We heard about Jeanette’s experiences setting up a field hospital in Boston during this time, echoing the sentiments felt by NHS staff who were responsible for getting the Nightingale hospitals up and running.

As International Vice-Chair she introduced the work of the Phillips Ives Review and its importance relating to educating the workforce in digital to this senior nurse leadership audience.

Digital nursing's contribution to continuous improvement

Then we had my session ‘Continuous Improvement and digital transformation: now and next steps.’

Although I’ve spoken hundreds of times on the big stage, I still get nervous in situations like this, so many peers I respect, so many still not quite familiar or bought into the digital transformation message.

And today it was down to myself to represent the voice of digital nurses and midwives – to give justice to my peers for all the great work they’re doing, while being able to emphasise the importance of our agenda.

Some in the crowd you may refer to as the digital enthusiasts, those ready and willing to adopt digital. The rest were more the digitally curious (or digitally cautious!) – unaware of the potential digital change offers to care and the way we work.

I used the time as an opportunity to highlight the fantastic work being done in digital nursing, building up communities like the Chief Nursing Informatics Officers (CNIO) network and Digital Shared Decision Making Council, the progress being made on the Guidance for Nursing on What Good Looks Like, and the important role the Phillips Ives Review will play in continuous improvement, ensuring we define the training needs to adapt.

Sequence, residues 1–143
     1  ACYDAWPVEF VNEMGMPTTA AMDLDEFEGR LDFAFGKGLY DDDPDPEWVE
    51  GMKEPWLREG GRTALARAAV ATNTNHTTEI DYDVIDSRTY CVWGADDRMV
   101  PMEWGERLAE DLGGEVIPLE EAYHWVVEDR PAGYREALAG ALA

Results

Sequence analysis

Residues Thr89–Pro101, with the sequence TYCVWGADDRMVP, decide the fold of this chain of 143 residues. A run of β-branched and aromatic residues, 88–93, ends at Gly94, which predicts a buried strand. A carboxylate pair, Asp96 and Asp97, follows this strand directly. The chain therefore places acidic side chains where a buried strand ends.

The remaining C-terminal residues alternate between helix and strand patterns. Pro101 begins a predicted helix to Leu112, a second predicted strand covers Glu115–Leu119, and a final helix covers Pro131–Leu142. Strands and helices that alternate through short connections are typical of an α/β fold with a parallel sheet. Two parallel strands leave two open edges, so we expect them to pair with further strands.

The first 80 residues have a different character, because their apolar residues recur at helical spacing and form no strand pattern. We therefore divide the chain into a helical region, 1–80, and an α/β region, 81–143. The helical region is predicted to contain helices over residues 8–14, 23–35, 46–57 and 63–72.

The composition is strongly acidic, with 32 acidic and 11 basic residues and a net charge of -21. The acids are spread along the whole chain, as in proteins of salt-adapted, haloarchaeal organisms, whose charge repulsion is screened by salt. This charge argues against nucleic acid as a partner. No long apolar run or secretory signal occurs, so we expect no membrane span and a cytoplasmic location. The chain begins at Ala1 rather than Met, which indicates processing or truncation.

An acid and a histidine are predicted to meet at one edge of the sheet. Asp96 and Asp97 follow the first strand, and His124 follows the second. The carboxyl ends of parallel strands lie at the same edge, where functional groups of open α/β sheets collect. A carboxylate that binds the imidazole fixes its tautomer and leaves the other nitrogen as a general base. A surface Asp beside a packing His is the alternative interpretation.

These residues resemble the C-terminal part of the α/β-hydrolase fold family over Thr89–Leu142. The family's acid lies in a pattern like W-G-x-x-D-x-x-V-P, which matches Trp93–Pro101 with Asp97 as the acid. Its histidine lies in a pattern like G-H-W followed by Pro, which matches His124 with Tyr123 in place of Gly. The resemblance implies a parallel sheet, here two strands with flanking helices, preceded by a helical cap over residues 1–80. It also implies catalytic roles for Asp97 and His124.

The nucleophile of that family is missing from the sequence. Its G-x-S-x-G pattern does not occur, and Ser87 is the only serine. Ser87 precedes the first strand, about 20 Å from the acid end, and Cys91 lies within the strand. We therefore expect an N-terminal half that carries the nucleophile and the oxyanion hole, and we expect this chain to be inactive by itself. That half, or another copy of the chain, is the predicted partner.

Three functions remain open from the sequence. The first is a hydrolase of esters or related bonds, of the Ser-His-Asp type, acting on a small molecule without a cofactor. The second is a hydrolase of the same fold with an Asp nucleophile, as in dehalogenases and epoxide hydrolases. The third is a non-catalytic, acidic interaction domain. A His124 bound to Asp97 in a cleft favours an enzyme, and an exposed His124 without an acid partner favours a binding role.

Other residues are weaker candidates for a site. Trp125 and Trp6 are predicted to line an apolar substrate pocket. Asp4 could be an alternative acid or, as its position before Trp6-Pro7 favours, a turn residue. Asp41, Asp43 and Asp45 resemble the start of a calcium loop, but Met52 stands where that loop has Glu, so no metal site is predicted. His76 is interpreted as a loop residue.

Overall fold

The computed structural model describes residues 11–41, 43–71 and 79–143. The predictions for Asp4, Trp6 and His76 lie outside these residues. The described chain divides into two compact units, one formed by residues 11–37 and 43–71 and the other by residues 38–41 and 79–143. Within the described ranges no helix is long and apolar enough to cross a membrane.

I announced that the outcomes of the Review will be published in 2023, showing the direction we must take.

The challenge is to get buy-in, not just to attendees of the CNO summit, but across healthcare, as everyone will have a role to play in our digital future:

Centrally designed – regionally led – locally delivered

That is why the Phillips Ives Review matters, defining 5, 10, 20 years down the line how we go about educating and train our nursing and midwifery workforce.

Thank you for your support!

 

NP Dr Natasha Phillips

Dr Natasha Phillips

Chief Nursing Information Officer for England.

NHS England


Twitter

Dr Natasha Phillips is the Chief Nursing Information Officer for England. In her role she works as the Head of the Digital Nursing Profession at the directive of the Chief Nurse Office to lead and develop the nursing and midwifery workforce, ensuring they are equipped to use data and technology, now and in the future. Dr Phillips has held operational and strategic leadership positions in the NHS. She has led large transformational programmes of change, involving the use of digital technologies and informatics. She was responsible for the implementation of an enterprise-wide electronic health record at University College Hospitals London. Dr Phillips is an Alumni of the Florence Nightingale Foundation, a qualified organisational development practitioner, and an honorary Research Fellow at University College London. Her research interests include digital enabled nursing, organisational design, and clinical leadership. In 2022, Dr Phillips was recognised by the Health Service Journal, appearing on their Wildcards list, for influencing national policy. Passionate about developing nurses with the skills to lead in complexity; Natasha's thesis on ward leadership highlights the need to develop the skills of reflexivity amongst nurse leaders to support their leadership practice.